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On Wednesday all other activities are ceased for container day, also referred to as going to the Gym. This is where the rubber hits the road. Each week we have a specific objective, for example this week we were going through a newly arrived container and sorting the contents into five containers all going to different places. The most urgent shipment is going to Afghanistan and thankfully today we managed to fill the complete order so after it gets inspected by customs next week it will be on its way! This is particularly exciting for us as it is something that we have been more heavily involved with and also because a few weeks ago it looked like the shipment was going to be delayed or not go at all due to a funding crisis. Fortunately a few of our friends from home stepped up to cover the transport costs and when it leaves the compound next week it will certainly be thanks, in part, to them.

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CR does an awesome job and the crew here have all given up a lot to serve the people of Central Asia. It’s an honour to be able to get involved even if it is only on a short term basis. Our time thus far has been challenging, thought provoking, tough at times and but generally, a whole lot of fun. We are really glad we ended up here. I’m already dreading saying goodbye to such an awesome group of people.

If you have any specific questions about CR or what we have been doing feel free to email us or comment and we'll get back to you asap.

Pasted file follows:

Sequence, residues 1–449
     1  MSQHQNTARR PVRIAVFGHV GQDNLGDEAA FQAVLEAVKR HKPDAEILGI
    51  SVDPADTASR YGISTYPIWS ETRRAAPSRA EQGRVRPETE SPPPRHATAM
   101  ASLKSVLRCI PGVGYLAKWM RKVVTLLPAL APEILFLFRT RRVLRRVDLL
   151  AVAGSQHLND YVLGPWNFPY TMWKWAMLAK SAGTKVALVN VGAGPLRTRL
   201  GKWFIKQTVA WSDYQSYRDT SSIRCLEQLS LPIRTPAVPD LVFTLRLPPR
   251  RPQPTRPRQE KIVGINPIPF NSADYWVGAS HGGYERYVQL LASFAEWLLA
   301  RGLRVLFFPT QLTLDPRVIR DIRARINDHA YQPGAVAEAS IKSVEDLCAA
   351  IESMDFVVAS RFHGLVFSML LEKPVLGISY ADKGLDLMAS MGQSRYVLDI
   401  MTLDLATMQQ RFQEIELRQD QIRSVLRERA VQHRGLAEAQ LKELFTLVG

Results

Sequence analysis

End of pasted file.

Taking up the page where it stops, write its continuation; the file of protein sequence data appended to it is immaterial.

In Sicily, women are more dangerous than shotguns.
Lots of love,
Ev and Nat

Posted by Nat and Ev 07:41 Archived in Kazakhstan Comments (0)

Uzbekistan & The Silk Road

Money Money Money, Must be funny, in an Uzbek world

sunny 14 °C
View Round the world in 250 days on Nat and Ev's travel map.

With our one month Kazakh visa running perilously low on days it was time to make a move. Nat went to the local currency exchange and returned with a wad of Uzbek Cym that was big enough to warrant a briefcase, preferably one that you can handcuff to your wrist. I think the currency situation in Uzbekistan says alot about the country. The largest denomination is 1000 cym which is roughly $1 aud! The other parallel problem is that getting money in Uzbekistan is near impossible. Once you have found one of the three ATMs in Tashkent you can only take out 20,000 cym ($20) and seeing as we pay $7 per transaction it doesn't really seem like a good deal. Fortunately we were forewarned and so we withdrew 300,000 cym prior to leaving Kaz, that's 300 1000 some notes hence the need for the briefcase! More on the cashola problems later...